Today, the Government introduced a new and consistent system of nutritional labelling for manufactured foods.  The combination of traffic lights to indicate low, medium and high levels of key nutrients with a percentage of the guideline daily amount of each nutrient provided by a portion of food is thought to be the most informative to consumers when making food choices.

 

It’s true that this system may help consumers to compare similar products and chose those that are lower in sugar and fat for example but it somewhat misses the point that we should be educating children in schools about healthy choices, based upon real food ingredients.  Eating unprocessed, real foods and minimising the intake of pre-prepared, highly processed foods avoids the need for this somewhat confusing focus on nutrients.

 

There are several issues with this labelling system:

  1. It focuses on nutrients when there is no consensus on which nutrients actually affect health – saturated fat and total fat may not affect heart health whereas refined sugar may contribute to obesity, diabetes and cardiovascular disease.
  2. People who are likely to be most influenced by these new labels are most likely informed enough to make the right food choices without them, while those who ignore them are probably most at risk from an unhealthy diet.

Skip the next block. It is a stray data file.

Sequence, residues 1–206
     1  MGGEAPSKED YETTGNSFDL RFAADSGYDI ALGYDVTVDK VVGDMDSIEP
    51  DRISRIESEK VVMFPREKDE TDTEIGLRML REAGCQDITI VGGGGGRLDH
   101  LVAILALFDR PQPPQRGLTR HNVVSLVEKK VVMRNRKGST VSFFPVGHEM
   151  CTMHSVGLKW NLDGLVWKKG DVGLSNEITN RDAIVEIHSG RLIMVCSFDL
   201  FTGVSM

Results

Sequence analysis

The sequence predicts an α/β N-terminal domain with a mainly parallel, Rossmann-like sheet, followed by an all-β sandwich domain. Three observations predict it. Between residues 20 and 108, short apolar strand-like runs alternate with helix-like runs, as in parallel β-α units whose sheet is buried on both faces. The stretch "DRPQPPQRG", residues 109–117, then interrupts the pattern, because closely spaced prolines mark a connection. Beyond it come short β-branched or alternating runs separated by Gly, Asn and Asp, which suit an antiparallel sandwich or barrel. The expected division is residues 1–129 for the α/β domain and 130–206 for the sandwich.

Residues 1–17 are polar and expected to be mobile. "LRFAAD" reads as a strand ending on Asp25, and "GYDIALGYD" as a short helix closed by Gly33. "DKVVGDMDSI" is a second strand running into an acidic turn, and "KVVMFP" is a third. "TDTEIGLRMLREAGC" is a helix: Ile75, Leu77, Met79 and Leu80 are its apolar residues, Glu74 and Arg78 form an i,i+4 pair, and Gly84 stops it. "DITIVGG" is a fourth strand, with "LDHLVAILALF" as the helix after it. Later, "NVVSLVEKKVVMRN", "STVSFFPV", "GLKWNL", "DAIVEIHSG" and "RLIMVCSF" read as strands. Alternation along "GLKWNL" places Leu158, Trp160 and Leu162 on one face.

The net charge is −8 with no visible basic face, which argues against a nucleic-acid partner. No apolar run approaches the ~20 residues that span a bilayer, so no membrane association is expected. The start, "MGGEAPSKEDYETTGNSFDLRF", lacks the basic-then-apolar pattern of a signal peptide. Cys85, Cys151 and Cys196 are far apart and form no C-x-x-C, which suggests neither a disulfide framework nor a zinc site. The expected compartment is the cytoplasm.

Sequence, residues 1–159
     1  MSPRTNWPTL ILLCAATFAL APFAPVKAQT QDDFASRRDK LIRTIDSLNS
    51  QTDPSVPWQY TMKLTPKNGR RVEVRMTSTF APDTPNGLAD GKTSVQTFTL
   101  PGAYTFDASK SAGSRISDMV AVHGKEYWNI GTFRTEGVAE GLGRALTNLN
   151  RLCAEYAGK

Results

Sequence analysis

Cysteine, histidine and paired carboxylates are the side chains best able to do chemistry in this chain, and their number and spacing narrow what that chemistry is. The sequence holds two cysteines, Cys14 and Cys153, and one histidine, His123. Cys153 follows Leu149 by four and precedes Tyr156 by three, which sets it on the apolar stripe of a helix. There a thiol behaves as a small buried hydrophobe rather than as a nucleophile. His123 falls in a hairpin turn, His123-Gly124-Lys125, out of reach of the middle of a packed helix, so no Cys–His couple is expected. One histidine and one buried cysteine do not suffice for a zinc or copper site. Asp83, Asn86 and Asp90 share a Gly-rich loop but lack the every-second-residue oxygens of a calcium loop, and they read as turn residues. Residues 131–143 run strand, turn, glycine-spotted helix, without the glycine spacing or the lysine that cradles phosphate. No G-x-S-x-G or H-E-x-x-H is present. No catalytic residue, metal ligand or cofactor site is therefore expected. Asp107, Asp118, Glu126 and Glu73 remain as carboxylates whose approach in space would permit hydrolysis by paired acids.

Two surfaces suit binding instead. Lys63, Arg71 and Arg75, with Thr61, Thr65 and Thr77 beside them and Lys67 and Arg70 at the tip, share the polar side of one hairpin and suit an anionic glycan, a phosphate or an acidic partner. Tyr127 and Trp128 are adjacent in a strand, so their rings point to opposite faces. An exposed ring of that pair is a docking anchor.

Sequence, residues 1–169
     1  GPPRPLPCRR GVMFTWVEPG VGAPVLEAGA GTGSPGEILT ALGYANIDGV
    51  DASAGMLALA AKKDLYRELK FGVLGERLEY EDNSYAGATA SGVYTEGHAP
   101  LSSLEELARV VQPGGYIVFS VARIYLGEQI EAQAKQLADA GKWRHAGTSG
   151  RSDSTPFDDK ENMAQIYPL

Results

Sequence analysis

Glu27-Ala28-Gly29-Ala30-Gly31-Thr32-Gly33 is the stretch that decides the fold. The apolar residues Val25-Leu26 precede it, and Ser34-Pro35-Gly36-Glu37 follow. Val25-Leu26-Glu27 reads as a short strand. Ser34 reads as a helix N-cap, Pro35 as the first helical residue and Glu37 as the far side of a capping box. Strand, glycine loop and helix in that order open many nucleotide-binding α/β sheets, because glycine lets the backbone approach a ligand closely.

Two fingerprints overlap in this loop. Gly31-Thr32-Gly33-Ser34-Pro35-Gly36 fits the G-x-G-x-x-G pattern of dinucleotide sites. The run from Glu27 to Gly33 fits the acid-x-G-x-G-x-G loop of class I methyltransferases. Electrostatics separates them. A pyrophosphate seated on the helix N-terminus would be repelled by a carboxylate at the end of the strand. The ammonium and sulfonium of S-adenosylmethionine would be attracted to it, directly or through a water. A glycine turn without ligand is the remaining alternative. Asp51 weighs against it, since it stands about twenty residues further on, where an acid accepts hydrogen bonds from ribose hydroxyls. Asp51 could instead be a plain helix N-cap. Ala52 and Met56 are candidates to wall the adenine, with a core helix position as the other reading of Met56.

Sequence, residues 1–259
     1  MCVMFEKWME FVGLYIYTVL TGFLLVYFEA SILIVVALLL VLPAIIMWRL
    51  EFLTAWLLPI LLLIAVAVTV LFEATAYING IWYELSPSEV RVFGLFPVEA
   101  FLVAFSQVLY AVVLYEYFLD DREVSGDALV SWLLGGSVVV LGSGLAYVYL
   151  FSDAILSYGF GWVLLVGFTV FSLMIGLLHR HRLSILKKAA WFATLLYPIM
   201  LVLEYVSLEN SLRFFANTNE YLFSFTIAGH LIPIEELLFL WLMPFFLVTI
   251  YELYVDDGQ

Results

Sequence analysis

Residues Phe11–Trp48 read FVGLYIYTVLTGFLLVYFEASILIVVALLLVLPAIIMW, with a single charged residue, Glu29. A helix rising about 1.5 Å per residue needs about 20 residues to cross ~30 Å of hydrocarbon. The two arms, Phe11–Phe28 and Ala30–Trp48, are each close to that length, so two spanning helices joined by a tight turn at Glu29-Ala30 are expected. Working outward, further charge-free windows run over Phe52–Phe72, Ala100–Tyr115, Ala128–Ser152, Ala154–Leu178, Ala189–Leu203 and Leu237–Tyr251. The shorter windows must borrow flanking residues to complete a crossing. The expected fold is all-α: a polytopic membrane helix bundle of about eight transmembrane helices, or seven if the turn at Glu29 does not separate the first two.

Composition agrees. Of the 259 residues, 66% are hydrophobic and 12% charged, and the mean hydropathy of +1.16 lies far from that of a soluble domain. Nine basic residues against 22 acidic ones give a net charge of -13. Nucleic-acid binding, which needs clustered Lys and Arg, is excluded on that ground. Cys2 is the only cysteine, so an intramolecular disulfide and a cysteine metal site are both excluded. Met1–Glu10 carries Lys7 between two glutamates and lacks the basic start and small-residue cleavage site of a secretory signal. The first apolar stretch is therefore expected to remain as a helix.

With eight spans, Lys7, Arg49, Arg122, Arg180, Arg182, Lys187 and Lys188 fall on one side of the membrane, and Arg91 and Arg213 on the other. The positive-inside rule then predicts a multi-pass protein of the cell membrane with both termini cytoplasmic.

3. Manufacturers of products with several red traffic lights recommend unrealistically small portion sizes to achieve a more favourable nutritional profile – how many people each half a can of soup or one sixth of a pizza?
  4. Foods that contribute essential nutrients that happen to be high in fat, such as salmon, nuts and cheese are unfairly demonised by this labelling.

 

What’s the solution?  Get food education back into schools and teach children about real food ingredients, quick scratch cooking recipes and budgeting.  This is the only way to reduce the reliance of many families on cheap processed food with little nutritional value.  If we as a nation voted with our feet and started scratch cooking, manufacturers would have to follow by cleaning up their products and no voluntary labelling system can ever compete with that.

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